Porsche 911 Turbo Recalls
Get technical and plain English recall information for 3 Porsche 911 Turbo recalls between 1991 and 2016. Learn if your Porsche 911 Turbo is part of a recall and what to do about it.
The seat belt anchors may not be able to properly rotate. As a result, the seat belts may not fit properly around the occupant, increasing the risk of injury in the event of a crash.
Porsche will notify owners of affected vehicles, but scheduling of the notification is not known at this time. If you are experiencing problems with the seat belts and don't receive notification, please contact your dealer. It's helpful to have your vehicle identification number (VIN) when you call.
Vehicles with central locking wheel hubs may have their wheels loosen over time, increasing the risk of a crash.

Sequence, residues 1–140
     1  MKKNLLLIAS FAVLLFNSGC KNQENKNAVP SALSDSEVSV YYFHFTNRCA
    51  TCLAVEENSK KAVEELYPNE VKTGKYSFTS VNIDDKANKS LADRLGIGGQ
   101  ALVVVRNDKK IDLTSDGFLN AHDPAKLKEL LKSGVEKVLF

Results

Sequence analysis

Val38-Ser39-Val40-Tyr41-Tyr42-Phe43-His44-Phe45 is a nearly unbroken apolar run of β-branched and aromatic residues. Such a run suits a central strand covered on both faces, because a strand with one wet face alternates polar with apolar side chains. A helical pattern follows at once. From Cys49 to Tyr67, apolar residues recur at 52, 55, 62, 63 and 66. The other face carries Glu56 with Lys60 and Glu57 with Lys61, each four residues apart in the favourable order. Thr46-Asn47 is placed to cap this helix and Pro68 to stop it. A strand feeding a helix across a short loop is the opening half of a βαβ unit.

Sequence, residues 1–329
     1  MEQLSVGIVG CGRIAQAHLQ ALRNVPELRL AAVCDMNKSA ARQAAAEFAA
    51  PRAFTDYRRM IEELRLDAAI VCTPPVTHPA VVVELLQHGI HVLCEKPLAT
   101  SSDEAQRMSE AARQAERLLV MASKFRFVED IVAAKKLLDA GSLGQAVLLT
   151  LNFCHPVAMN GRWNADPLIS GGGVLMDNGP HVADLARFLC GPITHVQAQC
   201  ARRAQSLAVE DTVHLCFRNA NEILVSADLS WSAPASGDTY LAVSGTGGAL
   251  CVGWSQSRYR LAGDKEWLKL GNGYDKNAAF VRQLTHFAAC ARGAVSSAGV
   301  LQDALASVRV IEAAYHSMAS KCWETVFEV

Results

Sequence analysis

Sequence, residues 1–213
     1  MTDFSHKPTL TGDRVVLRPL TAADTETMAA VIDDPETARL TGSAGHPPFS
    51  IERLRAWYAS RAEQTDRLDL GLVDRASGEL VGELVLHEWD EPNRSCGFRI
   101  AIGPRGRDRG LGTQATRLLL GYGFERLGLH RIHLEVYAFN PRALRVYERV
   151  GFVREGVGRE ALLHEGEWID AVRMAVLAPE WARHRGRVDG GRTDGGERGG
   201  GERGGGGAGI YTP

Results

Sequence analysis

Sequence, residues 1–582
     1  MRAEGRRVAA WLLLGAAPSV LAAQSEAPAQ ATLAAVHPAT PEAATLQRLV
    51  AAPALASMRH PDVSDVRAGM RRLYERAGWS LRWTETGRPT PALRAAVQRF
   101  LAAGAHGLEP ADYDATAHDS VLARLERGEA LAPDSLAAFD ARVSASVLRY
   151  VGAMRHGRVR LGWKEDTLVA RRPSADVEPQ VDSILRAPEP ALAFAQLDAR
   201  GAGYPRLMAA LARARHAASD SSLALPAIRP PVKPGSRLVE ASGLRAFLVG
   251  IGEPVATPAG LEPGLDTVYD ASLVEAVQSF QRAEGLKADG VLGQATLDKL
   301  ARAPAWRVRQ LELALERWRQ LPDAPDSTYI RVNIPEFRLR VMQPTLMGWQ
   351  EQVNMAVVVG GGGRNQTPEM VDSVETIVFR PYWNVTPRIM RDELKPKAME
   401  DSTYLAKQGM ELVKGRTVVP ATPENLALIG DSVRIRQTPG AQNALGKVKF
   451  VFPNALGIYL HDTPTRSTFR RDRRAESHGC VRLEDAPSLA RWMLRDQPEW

This should be considered a high priority recall. The wheels can loosen without warning. Please contact your Porsche dealer. They will check to see if your specific vehicle is affected and advise you on what to do next. Always have your vehicle identification number (VIN) handy when you call.
Special wheel mounting kits provided for aftermarket style racing wheels may fail, resulting in wheels separating from the vehicle. This would result in loss of vehicle control.
Recalls on your Porsche must be performed by a Porsche dealership. Porsche notified owners of affected vehicles in June 2011. If you do not receive a notification, but wish to check to see if your vehicle is included, please contact one of your local Porsche dealerships. They will also check for any other uncompleted recalls on your vehicle. For best results, be prepared to provide your Vehicle Identification Number (VIN) to the service department consultant you speak with.